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A new California law aimed at curbing immigration enforcement could cause problems for employers.
California’s A.B. 450, signed into law Oct. 5, will become effective Jan. 1. The measure limits the circumstances under which employers can respond to requests for documents and physical access to nonpublic areas in connection with immigration enforcement. It also requires notice to employees and their labor union if the government will audit an employer’s I-9 employment eligibility verification forms. And employers are banned from rechecking a worker’s employment eligibility unless required to by federal law.
“Where I see the biggest problem is in just the practical, real-world application of the new law” and “how employers will implement the new steps or rules that they now have to comply with,” Hiba Anver of the Erickson Immigration Group in Arlington, Va., told Bloomberg Law Nov. 14. “Any time you have large corporations” that have to undertake additional training, “it could have the potential to be burdensome,” she said.
“Only time will tell” how the new law operates in practice, Jeffrey Kikuta of Fragomen, Del Rey, Bernsen & Loewy in Los Angeles told Bloomberg Law Nov. 13. “Right now, it’s difficult to say what the scope and level of impact will be,” he said.
“Employers will have to become more savvy with what their rights will be under the new law” and will have to notify and train staff involved with immigration compliance, said Kikuta, who serves as managing attorney for the Individual Case Unit of Fragomen’s Los Angeles office.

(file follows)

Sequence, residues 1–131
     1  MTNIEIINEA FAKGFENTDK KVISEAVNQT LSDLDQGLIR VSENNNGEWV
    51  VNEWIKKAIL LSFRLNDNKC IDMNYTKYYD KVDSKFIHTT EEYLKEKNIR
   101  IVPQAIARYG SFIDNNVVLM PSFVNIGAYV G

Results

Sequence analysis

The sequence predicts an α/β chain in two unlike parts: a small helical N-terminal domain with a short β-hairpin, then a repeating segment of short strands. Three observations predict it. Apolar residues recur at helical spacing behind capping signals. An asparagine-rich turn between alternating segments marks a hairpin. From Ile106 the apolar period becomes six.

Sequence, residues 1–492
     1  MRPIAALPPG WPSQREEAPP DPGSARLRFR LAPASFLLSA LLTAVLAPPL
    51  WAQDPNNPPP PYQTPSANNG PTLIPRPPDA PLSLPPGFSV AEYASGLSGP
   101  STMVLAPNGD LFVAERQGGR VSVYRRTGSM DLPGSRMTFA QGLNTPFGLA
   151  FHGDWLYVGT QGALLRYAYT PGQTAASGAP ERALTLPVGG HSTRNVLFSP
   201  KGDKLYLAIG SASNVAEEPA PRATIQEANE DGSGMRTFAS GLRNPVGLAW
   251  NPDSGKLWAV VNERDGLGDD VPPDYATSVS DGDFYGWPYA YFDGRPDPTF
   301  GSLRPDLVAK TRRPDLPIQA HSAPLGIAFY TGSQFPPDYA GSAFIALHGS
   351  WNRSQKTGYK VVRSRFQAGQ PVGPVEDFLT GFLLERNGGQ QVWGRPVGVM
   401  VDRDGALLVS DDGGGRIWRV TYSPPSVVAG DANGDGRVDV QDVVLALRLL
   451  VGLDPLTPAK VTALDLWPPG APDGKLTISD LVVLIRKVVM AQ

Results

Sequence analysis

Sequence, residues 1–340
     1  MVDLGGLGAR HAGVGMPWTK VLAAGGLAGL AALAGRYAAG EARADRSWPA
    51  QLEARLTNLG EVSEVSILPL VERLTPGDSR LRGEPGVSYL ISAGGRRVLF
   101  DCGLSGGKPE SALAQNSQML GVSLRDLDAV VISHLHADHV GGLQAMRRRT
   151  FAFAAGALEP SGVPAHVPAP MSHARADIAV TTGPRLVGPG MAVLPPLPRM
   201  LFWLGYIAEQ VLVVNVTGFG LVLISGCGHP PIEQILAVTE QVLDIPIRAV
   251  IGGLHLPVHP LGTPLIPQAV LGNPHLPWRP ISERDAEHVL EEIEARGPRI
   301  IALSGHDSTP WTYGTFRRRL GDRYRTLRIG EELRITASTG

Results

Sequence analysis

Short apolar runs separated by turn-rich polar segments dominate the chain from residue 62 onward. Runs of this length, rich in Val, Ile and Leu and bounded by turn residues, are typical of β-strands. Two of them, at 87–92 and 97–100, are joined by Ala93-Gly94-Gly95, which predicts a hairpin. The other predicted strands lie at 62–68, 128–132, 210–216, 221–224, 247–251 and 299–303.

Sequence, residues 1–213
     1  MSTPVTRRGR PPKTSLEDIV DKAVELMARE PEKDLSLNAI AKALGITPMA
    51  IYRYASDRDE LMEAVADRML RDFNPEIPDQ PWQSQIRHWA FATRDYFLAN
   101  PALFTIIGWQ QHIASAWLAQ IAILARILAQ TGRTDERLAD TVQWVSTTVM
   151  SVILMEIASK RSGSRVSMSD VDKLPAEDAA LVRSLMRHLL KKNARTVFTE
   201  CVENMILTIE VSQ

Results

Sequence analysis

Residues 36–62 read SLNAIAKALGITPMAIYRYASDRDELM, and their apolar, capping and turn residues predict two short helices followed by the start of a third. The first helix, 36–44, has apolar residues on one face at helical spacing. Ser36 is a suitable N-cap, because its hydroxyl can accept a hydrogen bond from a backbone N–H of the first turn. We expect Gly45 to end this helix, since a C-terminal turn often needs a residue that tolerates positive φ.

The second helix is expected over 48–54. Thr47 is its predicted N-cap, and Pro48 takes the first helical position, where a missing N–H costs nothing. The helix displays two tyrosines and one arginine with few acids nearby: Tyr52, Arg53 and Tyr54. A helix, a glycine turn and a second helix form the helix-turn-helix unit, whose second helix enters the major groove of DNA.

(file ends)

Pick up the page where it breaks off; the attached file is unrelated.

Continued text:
U.S. Immigration and Customs Enforcement is planning an increase in enforcement actions, making it likely that California employers soon will have to grapple with how to comply with both federal and state law.
ICE’s Homeland Security Investigations unit “will continue to enforce the laws established by IRCA which includes criminal and civil penalties for employers who knowingly employ unauthorized workers,” agency spokeswoman Danielle Bennett said in a Nov. 13 email to Bloomberg Law. The Immigration Reform and Control Act of 1986, or IRCA, was a comprehensive immigration law that, among other things, made knowing employment of undocumented immigrants a crime as part of its enforcement scheme.
“ICE’s worksite enforcement strategy addresses both employers who knowingly hire unauthorized workers and the workers themselves,” Bennett said. “While we focus on the criminal prosecution of employers who knowingly hire illegal workers, under the current Administration’s enforcement priorities, workers encountered during these investigations who are unauthorized to remain in the United States are also subject to administrative arrest and removal from the country.”
Acting ICE Director Thomas Homan “has directed ICE Homeland Security Investigations to step up its efforts in this area—to include pursuing more investigations and conducting more I-9 audits,” she said.
The California law restricts “immigration enforcement agents” from entering nonpublic areas of an employer’s property without a judicial warrant and from accessing personnel records without a subpoena or judicial warrant. That begs the question of who is considered an immigration enforcement agent, Angelo Paparelli of Seyfarth Shaw in Los Angeles told Bloomberg Law Nov. 6.
Immigration and Customs Enforcement agents are the obvious ones, said Paparelli, who founded and is a past president of the Alliance of Business Immigration Lawyers. But officers from several other federal agencies conduct enforcement actions that could fall under A.B. 450’s purview, he said.